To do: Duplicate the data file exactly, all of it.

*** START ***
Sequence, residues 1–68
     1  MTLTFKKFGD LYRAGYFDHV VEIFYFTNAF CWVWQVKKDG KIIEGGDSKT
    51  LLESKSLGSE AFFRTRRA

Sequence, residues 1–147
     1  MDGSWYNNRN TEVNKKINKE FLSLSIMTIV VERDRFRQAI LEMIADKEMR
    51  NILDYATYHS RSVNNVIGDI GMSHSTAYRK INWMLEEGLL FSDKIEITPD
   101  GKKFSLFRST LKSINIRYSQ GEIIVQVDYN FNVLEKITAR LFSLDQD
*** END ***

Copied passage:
Sequence, residues 1–68
     1  MTLTFKKFGD LYRAGYFDHV VEIFYFTNAF CWVWQVKKDG KIIEGGDSKT
    51  LLESKSLGSE AFFRTRRA

Sequence, residues 1–147
     1  MDGSWYNNRN TEVNKKINKE FLSLSIMTIV VERDRFRQAI LEMIADKEMR
    51  NILDYATYHS RSVNNVIGDI GMSHSTAYRK INWMLEEGLL FSDKIEITPD
   101  GKKFSLFRST LKSINIRYSQ GEIIVQVDYN FNVLEKITAR LFSLDQD